Unfortunately, in recent months, DC has asked us to alter or completely discard many long-standing storylines in ways that we feel compromise the character and the series. We were told to ditch plans for Killer Croc’s origins; forced to drastically alter the original ending of our current arc, which would have defined Batwoman’s heroic future in bold new ways; and, most crushingly, prohibited from ever showing Kate and Maggie actually getting married. All of these editorial decisions came at the last minute, and always after a year or more of planning and plotting on our end.

We’ve always understood that, as much as we love the character, Batwoman ultimately belongs to DC. However, the eleventh-hour nature of these changes left us frustrated and angry — because they prevent us from telling the best stories we can. So, after a lot of soul-searching, we’ve decided to leave the book after Issue 26.

We’re both heartbroken over leaving, but we feel strongly that you all deserve stories that push the character and the series forward. We can’t reliably do our best work if our plans are scrapped at the last minute, so we’re stepping aside. We are committed to bringing our run to a satisfying conclusion and we think that Issue 26 will leave a lasting impression.

We are extremely thankful for the opportunity to work on Batwoman. It’s been one of the most challenging and rewarding projects of our careers. We’ll always be grateful to everyone who helped us realize 26 issues: Mike Siglain, who brought us onto the project originally; Greg Rucka for inspirationally setting the stage; our amazing artists Amy Reeder, Trevor McCarthy, Pere Perez, Rob Hunter, Walden Wong, Sandu Florea, Richard Friend, Francesco Francavilla, Guy Major, Dave Stewart, and Todd Klein; Larry Ganem, for listening in tough times; and editors Mike Marts, Harvey Richards, Rickey Purdin, and Darren Shan.

And most of all, a huge thank you to everyone who read the book. Hearing your voices, your reactions, your enthusiasm every month was such a joy, so humbling, so rewarding. You guys rock! Because so many of you embraced the series, we were able to complete four arcs, and your passion for Batwoman encouraged us to push ourselves to do our best work with each and every issue.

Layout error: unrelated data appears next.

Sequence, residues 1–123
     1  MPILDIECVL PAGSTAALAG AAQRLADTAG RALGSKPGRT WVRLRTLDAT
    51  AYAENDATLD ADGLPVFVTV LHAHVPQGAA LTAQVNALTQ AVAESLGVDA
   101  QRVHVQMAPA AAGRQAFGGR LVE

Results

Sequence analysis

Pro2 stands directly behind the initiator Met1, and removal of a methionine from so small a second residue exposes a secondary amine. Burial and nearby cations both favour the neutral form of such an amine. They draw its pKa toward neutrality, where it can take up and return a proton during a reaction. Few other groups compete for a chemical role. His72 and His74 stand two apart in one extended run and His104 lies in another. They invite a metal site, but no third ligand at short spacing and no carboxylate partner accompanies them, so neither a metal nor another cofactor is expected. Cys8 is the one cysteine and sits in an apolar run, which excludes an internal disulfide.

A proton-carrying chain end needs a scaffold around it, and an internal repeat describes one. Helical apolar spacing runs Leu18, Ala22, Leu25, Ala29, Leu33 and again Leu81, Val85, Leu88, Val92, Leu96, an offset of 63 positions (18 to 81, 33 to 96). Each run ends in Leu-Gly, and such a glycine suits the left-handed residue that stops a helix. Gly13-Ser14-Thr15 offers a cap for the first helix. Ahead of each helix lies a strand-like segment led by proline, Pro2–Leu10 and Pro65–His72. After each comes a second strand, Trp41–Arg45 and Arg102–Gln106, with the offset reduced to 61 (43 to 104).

Thank you for loving Batwoman as much as we do.

Goodbye for now,

Haden & J H

[Source: jhwilliams3.com via CBR]

  • JamesWynn

    Since Dan DiDio has never had a problem with gay heroes or involving DC books in the politics of the day, I presume the editorial team just thought marriage was too domestic for Batwoman or other publication reasons. Unless the Williams and Blackman had other reasons as well for planning a walk, this appears to be an overreaction that they will regret later.

  • Dirk Digler

    What’s ‘compromising the character’ is the current desire by writers to inject their stupid agenda into their work. DC owns the characters, not Williams and Blackman.

    Poor babies can’t do whatever they want to iconic characters in the DC stable. Get lost. Go whine at Marvel. Or not…

  • Jon Lane

    What agenda? To the best of my knowledge, Katy Kane/Batwoman has been openly gay for years. Its not like they were trying to introduce a game-changing element to the character. Also, if they’ve had these arcs plotted out from the beginning, then presumably they’d been run by editorial at the same time. So why wait till the last minute to tell them that they can’t do it?